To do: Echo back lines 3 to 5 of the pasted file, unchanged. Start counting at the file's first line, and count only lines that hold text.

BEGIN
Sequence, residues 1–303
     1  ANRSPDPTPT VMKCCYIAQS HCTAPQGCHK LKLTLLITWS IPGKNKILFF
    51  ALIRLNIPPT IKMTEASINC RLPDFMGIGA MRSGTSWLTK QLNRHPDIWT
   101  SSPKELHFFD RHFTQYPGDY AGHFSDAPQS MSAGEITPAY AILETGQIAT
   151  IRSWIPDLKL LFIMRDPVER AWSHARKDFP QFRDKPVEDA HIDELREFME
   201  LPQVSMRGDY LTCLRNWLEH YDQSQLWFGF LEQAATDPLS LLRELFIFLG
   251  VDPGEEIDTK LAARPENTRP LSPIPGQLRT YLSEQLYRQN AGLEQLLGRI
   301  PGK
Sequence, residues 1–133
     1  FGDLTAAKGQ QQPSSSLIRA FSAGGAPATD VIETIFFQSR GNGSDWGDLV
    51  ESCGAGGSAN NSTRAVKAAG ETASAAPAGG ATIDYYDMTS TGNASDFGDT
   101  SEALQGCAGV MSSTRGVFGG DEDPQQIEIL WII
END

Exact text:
    51  ALIRLNIPPT IKMTEASINC RLPDFMGIGA MRSGTSWLTK QLNRHPDIWT
   101  SSPKELHFFD RHFTQYPGDY AGHFSDAPQS MSAGEITPAY AILETGQIAT
   151  IRSWIPDLKL LFIMRDPVER AWSHARKDFP QFRDKPVEDA HIDELREFME